Xbox's Phil Spencer Says Amazon and Google Are Its Main Competitors, Not Sony or Nintendo

Xbox's Phil Spencer Says Amazon and Google Are Its Main Competitors, Not Sony or Nintendo

In a cloud-based future, Microsoft doesn't seem worried about other consoles.

The next generation is looming overhead, yet Xbox head Phil Spencer doesn't seem worried about the direct opposition. When it comes to Microsoft's competition, Spencer says it will be Amazon and Google, not Sony or Nintendo; in fact, Microsoft is fairly open to working with its usual console rivals.

Speaking to Protocol, Spencer identifies cloud infrastructure as a key point that Microsoft has over Sony and Nintendo. Microsoft has the Azure platform, which can enhance its xCloud streaming service, putting it up against things like Amazon Web Services rather than a new PlayStation.

"When you talk about Nintendo and Sony, we have a ton of respect for them, but we see Amazon and Google as the main competitors going forward," Spencer told Protocol. "That's not to disrespect Nintendo and Sony, but the traditional gaming companies are somewhat out of position. I guess they could try to re-create Azure, but we've invested tens of billions of dollars in cloud over the years."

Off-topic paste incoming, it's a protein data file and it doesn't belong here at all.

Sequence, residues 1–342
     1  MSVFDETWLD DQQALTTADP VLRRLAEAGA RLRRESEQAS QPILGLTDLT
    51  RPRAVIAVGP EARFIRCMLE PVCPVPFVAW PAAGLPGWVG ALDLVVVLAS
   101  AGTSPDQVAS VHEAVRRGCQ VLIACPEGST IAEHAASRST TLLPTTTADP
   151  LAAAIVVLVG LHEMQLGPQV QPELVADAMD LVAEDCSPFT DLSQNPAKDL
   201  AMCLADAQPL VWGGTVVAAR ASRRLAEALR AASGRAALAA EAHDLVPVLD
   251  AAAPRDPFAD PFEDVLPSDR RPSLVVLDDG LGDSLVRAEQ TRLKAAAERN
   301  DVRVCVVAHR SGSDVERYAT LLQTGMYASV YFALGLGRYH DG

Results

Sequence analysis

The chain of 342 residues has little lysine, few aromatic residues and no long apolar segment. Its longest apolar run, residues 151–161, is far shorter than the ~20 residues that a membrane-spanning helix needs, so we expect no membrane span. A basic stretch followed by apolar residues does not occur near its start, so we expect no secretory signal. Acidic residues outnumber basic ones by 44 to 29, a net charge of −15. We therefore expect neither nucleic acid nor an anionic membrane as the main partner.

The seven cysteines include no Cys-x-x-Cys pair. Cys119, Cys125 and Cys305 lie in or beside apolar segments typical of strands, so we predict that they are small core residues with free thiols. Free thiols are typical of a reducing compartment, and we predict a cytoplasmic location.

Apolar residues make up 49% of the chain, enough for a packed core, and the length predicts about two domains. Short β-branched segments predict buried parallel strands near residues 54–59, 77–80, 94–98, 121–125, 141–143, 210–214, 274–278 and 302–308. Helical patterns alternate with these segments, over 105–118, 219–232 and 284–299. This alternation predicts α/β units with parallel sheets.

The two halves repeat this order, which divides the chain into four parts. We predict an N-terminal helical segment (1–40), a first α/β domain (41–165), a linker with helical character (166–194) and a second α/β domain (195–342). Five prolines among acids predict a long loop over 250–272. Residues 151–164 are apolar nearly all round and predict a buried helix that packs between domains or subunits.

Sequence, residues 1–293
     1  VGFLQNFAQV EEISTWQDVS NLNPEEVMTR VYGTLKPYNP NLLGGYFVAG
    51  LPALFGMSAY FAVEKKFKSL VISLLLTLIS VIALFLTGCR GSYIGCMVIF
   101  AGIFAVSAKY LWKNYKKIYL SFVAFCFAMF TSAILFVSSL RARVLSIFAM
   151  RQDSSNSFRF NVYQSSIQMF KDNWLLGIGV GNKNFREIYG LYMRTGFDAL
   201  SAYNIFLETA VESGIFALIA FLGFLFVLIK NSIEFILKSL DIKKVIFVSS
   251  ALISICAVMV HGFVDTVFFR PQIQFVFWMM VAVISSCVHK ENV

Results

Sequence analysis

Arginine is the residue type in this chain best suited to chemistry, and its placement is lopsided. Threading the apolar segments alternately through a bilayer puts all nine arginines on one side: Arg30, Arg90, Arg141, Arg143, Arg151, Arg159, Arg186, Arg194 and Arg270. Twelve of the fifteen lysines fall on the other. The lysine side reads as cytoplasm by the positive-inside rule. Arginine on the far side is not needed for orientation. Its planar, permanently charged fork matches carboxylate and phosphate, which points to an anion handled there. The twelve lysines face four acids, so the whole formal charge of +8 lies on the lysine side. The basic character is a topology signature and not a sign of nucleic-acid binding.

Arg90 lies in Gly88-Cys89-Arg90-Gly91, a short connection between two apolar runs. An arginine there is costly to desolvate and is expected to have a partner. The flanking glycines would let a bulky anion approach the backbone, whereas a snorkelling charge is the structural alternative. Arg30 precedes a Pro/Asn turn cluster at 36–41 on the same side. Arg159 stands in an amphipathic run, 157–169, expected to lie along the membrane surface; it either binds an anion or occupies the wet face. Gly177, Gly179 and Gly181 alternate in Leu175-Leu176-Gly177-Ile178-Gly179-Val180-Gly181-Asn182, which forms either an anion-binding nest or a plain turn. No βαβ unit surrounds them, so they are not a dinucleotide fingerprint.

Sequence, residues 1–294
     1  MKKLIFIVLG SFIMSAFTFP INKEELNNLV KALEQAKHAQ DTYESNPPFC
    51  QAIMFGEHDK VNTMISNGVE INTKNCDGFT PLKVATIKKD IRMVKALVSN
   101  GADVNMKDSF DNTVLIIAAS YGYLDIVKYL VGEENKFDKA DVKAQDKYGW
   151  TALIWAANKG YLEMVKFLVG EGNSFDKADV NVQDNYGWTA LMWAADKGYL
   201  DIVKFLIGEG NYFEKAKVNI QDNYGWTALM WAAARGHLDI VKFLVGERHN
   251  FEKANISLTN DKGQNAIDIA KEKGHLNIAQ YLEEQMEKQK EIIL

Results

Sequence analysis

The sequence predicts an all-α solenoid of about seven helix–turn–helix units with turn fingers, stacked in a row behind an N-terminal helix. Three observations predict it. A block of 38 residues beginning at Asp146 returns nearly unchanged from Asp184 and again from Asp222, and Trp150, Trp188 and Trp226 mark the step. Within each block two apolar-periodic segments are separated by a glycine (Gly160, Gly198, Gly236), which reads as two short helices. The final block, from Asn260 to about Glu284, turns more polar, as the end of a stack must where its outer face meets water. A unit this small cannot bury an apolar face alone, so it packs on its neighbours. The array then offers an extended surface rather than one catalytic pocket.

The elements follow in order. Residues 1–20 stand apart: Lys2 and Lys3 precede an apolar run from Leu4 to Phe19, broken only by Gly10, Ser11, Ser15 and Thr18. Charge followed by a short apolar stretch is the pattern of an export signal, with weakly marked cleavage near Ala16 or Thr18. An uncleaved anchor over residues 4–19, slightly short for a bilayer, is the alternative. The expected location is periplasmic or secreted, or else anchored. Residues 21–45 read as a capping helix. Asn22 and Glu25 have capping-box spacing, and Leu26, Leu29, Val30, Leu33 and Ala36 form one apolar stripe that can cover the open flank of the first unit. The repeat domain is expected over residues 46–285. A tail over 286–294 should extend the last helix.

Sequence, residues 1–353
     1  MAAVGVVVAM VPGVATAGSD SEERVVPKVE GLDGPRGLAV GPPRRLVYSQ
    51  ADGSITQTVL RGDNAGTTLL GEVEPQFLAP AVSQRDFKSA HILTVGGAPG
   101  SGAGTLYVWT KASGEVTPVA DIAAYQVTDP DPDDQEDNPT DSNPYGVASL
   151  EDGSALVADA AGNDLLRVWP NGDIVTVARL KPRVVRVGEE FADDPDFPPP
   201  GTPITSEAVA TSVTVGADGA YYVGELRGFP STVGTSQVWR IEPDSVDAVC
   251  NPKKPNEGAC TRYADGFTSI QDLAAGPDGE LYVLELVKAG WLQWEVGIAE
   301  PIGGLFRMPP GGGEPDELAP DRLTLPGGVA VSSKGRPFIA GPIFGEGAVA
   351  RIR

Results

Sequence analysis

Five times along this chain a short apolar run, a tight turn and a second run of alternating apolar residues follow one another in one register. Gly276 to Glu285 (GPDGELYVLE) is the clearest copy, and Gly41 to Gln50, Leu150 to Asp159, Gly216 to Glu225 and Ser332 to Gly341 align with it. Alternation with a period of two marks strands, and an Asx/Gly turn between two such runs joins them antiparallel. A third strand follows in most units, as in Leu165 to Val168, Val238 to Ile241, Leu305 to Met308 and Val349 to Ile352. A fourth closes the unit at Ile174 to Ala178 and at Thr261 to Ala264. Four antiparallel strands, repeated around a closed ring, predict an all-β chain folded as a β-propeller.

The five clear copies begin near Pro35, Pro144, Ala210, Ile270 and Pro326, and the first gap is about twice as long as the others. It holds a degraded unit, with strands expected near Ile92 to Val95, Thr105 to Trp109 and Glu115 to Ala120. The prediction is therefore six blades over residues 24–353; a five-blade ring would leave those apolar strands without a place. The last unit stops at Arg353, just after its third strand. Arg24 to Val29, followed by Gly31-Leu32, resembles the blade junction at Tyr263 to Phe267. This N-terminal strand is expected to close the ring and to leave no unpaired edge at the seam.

In fact, Spencer says that Microsoft is willing to work with Sony and Nintendo on things like crossplay, allowing players to pick which console they want to play on. "I don't want to be in a fight over format wars with those guys while Amazon and Google are focusing on how to get gaming to 7 billion people around the world," Spencer says. "Ultimately, that's the goal."

While Amazon continues to build up AWS, Google's efforts so far with Stadia haven't been going well. Other companies, like Nvidia, are starting to roll out their own take on cloud gaming as well though, so as the next generation looms, it looks like Microsoft will have some competition for xCloud. With its own Xbox Series X and a new PlayStation both due out this year, the cloud could be an X-factor.

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Eric Van Allen

News Editor

Eric is a writer and Texan. He's a former contributor to sites including Compete, Polygon, Waypoint, and the Washington Post. He loves competitive games, live music, and travel.

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